Dr. Thomas W. Cline, consumer psychologist and professor of marketing and statistics at the Saint Vincent College Alex G. McKenna School of Business, Economics and Government, co-authored two articles in Critical Care Nursing Quarterly.
“Over the past year, I conducted research with several colleagues on identifying warning signs of post-heart attack depression and readmission rates for congestive heart failure (CHF) patients who were implanted with the CorVue Implantable Cardioverter Defibrillator (ICD). No patients with a CorVue ICD experienced a 30-day readmission. In contrast, 14 of 60 patients (23.3 percent) without the CorVue device experienced 30-day readmission.
Both manuscripts were published, back-to-back, in the Critical Care Nursing Quarterly’s April/June 2017 issue (volume 40, issue 2, pp. 111-136).
“Coronary artery disease (CAD) is the leading cause of death in the United States,” Cline commented. “The World Bank and the World Health Organization predict that depression and coronary heart disease will be the largest causes of global health burden and disability by the year 2020. Studies have demonstrated that patients with CAD experience depression at a higher rate than the general population. Because of this connection, it is critical to recognize depression and manage depression effectively for people with CAD. Studies have also provided evidence that identifying and treating depression in patients early after a myocardial infarction improve clinical outcomes. In addition, a number of studies have discussed the negative effects that can occur from untreated depression in these patients. The cited negative effects include mortality, recurrent myocardial events and a worse quality of life. The article entitled, An Analysis of the Prevalence of Depression Post-Myocardial Infarction, discusses the results of a research that was completed at a cardiology office using a retroactive medical record review that focused on outpatients with cardiac diseases. The primary aim of the study was to collect data using the Patient Health Questionnaire-9 (PHQ-9), a public domain screening tool. This research was intended to provide evidence that would support using the PHQ-9 as a standard depression screening tool for patients post-myocardial infarction. By recognizing the symptoms of depression, the patient would then be treated accordingly.” The other co-authors included Jessica DiSante of South Hills Physical Medicine, Angela Macci Bires of Robert Morris University and Kristen Waterstram-Rich of Rochester Institute of Technology.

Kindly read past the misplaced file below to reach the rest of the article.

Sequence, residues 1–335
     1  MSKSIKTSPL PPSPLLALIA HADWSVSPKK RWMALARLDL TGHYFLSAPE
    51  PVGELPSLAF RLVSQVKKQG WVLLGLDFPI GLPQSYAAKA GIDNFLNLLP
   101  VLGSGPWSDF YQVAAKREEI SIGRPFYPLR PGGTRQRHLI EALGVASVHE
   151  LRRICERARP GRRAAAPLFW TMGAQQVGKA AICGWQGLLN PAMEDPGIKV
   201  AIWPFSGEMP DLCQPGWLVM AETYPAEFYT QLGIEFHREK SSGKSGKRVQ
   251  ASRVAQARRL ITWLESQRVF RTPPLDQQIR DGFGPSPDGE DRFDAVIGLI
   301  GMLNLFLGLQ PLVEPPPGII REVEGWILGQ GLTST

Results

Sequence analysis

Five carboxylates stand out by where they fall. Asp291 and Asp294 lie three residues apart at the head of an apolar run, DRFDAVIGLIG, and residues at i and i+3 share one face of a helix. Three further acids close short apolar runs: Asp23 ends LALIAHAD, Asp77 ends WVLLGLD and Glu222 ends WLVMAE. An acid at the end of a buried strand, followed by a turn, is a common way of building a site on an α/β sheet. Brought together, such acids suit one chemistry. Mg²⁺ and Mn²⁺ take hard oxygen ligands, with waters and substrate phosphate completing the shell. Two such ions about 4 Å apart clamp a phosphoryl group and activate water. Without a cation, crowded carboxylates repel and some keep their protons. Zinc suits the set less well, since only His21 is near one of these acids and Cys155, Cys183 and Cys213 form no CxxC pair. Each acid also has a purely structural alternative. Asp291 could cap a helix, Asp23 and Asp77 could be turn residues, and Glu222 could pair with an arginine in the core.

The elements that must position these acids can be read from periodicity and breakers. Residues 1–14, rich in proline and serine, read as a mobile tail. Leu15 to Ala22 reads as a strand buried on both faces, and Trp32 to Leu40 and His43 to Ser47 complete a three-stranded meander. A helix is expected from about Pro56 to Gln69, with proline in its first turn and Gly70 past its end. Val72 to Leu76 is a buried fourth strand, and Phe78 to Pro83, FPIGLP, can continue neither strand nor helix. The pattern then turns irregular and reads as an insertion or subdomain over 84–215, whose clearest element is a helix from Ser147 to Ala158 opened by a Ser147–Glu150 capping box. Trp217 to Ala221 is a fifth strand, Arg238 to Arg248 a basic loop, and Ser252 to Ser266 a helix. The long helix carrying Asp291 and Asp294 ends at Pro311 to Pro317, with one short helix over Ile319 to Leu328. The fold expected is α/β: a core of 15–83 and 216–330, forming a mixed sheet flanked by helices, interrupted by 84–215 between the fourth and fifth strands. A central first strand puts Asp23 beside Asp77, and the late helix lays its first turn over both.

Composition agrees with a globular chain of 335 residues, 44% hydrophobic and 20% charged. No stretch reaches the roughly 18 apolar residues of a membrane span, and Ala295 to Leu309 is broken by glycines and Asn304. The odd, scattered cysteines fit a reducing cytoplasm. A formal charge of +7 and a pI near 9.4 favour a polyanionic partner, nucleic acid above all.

“Heart failure (HF) is a serious medical problem in the United States and is placing a financial strain on the health care system,” Cline continued. “It is the leading cause of mortality and as the overall incidence continues to increase, so does the economic impact on the health care system. Innovative treatment options, in the form of disease management programs and implantable cardiac devices, such as the CorVue capable implantable cardioverter defibrillator (ICD) pacemaker, offer the promise of an enhanced quality of life and reduced mortality. Even with these advances, HF continues to be a challenge. Studies reviewing HF management programs have shown promising results. However, more studies are needed to determine which combination of HF management interventions has the greatest financial impact and yields the best patient outcomes. The objective of the research study, Improving Clinical Outcomes for Patients with Class III Heart Failure, was to compare 30-day readmission rates of patients implanted with the CorVue capable ICD pacemaker with patients with congestive heart failure (CHF) with no implanted device. The aim of the research focused on the usefulness of intrathoracic impedance monitoring alerts in guiding empirical treatment of patients with CHF to prevent HF readmissions. Methodology included a retrospective medical chart review, comparing 30-day readmission events among patients with class III CHF who received home health intervention with similar patients implanted with the CorVue ICD.” The other co-authors included Melissa Shapiro of the Washington Hospital Health System, Angela Macci Bires of Robert Morris University and Kristen Waterstram-Rich of Rochester Institute of Technology.
Photo: Dr. Thomas W. Cline
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